A man can receive nothing, except it be given him from heaven.
John the Baptist gave his questioners a brief sentence that I have called the “hope and the despair” of mankind. He told them that “a man can receive nothing, except it be given him from heaven.”
John was not referring to men’s gifts. He was speaking of spiritual truth. Divine truth is of the nature of the Holy Spirit, and for that reason it can be received only by spiritual revelation.
In his New Testament letters, the Apostle Paul declares again and again the inability of human reason to discover or comprehend divine truth. In that inability we see human despair.
John the Baptist said, “Except it be given him from heaven”—and this is our hope! These words do certainly mean that there is such a thing as a gift of knowing, a gift that comes from heaven. Jesus promised His disciples that the Holy Spirit of truth would come and teach them all things (see John 16:13–14).
Jesus also prayed: “I thank thee, O Father, because thou hast hid these things from the wise, and hast revealed them unto babes” (see Luke 10:21).
Lord, I pray that as I read Your Word, Your Spirit will help me perceive its spiritual truth and apply it to my life.
Unlike his overly zealous followers, however, John was not bothered in the least by his declining popularity. Despite his tremendous initial influence, he had always remained focused on the purpose of his ministry that he had probably known from childhood—to testify to Christ (cf. 1:27, 30). Now as his ministry began to wind down, John’s purpose did not waver. His humble reply must have startled his disciples: “A man can receive nothing unless it has been given him from heaven.” In this way, he affirmed and embraced his subordinate role as the herald of the Messiah. God had sovereignly granted him his ministry (cf. Rom. 1:5; 1 Cor. 4:7; 15:10; Eph. 3:7; 1 Tim. 2:7); if God now chose to change or end that ministry, John was content. Everything among God’s servants, including popular ministry, is a gracious gift from God, not something to which a person is entitled. Therefore there is no place for jealousy, as John’s self-effacing reply indicated (note the opposite reaction by the Pharisees in 12:19). 
3:27 If John’s reply was referring to the Lord Jesus, it means that any success the Savior received was an indication of God’s approval on Him. If John was referring to himself, he was saying that he had never pretended to be anyone great or important. He had never claimed that his baptism was superior to that of Jesus. He simply said here that he did not have anything but what he had received from heaven. That is true of all of us, and there is no reason in the world why we should be proud or seek to build up ourselves in men’s esteem.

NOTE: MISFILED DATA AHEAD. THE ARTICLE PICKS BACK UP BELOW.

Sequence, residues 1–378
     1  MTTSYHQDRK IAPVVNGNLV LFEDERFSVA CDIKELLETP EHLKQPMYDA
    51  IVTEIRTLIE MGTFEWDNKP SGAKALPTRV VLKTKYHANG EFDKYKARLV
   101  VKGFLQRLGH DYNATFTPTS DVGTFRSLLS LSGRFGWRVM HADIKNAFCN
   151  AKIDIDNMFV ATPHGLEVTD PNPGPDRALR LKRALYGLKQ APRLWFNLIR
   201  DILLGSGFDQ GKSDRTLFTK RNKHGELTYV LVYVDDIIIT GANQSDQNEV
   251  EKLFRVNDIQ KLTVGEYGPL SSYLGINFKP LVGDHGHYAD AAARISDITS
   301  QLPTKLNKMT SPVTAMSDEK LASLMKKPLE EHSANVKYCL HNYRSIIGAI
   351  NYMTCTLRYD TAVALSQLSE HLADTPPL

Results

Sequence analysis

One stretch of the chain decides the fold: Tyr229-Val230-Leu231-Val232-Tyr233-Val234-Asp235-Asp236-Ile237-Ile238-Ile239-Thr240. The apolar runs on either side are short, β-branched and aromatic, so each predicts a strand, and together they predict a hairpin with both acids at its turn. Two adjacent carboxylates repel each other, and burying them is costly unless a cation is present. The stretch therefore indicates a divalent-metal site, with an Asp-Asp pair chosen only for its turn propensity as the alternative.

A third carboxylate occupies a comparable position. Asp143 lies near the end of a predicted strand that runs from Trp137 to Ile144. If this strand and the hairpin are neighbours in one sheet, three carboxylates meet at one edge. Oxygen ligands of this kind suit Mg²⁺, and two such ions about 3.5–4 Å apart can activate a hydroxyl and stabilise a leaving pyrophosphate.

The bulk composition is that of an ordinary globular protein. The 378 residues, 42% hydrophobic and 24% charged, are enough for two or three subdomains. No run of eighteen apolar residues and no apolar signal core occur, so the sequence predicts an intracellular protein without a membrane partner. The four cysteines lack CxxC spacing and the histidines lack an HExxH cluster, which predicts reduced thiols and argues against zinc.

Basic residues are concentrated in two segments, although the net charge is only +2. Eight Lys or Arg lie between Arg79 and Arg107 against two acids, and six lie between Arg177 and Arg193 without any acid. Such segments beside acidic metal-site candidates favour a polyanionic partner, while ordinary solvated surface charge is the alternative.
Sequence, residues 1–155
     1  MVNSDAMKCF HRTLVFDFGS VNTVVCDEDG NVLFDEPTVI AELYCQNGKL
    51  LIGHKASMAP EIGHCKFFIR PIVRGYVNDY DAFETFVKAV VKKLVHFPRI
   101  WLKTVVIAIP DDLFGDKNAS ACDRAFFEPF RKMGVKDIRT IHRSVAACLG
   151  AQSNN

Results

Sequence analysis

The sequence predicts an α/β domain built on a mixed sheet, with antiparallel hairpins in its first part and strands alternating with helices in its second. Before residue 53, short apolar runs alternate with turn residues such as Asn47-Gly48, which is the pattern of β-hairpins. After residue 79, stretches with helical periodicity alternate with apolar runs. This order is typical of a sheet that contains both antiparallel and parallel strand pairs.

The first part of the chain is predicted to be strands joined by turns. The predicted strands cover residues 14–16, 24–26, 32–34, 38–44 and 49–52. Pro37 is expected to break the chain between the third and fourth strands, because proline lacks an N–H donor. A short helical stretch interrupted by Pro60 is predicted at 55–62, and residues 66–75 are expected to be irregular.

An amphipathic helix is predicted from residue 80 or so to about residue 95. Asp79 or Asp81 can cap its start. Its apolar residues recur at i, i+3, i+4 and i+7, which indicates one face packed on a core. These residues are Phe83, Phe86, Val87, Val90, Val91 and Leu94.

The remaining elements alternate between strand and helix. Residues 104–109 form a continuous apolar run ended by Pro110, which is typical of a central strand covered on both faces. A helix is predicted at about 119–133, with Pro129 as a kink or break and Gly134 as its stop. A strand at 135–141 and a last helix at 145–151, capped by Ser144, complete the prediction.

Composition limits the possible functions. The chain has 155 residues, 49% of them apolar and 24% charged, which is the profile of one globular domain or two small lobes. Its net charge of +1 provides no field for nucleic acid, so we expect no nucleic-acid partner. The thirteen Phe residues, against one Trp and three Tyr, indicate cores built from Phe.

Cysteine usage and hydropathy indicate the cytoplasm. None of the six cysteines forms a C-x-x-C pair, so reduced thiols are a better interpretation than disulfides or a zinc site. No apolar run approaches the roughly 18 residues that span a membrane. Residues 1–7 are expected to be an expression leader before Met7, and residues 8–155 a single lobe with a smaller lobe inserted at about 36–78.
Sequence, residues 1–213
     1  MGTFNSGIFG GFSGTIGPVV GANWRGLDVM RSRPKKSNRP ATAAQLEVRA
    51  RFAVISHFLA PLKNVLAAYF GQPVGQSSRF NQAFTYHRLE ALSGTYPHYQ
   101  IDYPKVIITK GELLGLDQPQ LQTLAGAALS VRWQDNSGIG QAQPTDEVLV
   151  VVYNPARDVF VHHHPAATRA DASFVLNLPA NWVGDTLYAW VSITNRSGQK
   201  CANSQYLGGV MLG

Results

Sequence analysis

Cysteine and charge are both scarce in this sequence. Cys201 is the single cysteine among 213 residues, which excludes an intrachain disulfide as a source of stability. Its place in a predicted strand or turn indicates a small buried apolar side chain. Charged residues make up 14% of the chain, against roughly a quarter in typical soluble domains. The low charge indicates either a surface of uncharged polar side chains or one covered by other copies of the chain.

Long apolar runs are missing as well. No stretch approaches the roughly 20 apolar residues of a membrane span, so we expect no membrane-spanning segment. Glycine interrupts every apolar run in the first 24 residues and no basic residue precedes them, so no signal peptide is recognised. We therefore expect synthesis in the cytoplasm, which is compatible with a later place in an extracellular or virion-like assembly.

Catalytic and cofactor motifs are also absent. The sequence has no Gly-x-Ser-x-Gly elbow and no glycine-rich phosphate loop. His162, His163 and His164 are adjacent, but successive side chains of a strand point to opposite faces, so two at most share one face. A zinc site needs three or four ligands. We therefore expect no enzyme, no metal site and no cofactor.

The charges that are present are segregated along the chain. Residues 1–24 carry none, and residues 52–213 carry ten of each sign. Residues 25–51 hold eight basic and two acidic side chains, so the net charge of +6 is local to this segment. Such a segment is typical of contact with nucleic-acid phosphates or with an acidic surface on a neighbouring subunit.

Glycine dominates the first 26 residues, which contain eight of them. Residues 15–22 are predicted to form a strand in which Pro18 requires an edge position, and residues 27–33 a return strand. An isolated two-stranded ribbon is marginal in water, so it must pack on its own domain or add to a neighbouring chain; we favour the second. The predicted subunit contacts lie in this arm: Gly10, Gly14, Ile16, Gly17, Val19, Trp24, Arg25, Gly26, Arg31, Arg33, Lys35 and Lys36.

3:27 given him from heaven. This verse emphasizes God’s sovereign authority in granting ministry opportunity (cf. 1Co 4:7; 15:10).
3:27 unless it is granted to him from heaven John’s disciples were concerned about the diminishing interest in his baptism compared to Jesus’ rising popularity. John reassures them by again explicitly deferring to Jesus’ superiority.
3:27 A person cannot receive. God is the Author of all that we receive (1 Cor. 4:7).
 Tozer, A. W. (2015). Mornings with tozer: daily devotional readings. Chicago, IL: Moody Publishers.
 MacArthur, J. F., Jr. (2006). John 1–11 (p. 127). Chicago: Moody Press.
 MacDonald, W. (1995). Believer’s Bible Commentary: Old and New Testaments. (A. Farstad, Ed.) (p. 1481). Nashville: Thomas Nelson.
 MacArthur, J. F., Jr. (2006). The MacArthur study Bible: New American Standard Bible. (Jn 3:27). Nashville, TN: Thomas Nelson Publishers.
 Barry, J. D., Mangum, D., Brown, D. R., Heiser, M. S., Custis, M., Ritzema, E., … Bomar, D. (2012, 2016). Faithlife Study Bible (Jn 3:27). Bellingham, WA: Lexham Press.
 Sproul, R. C. (Ed.). (2005). The Reformation Study Bible: English Standard Version (p. 1515). Orlando, FL; Lake Mary, FL: Ligonier Ministries.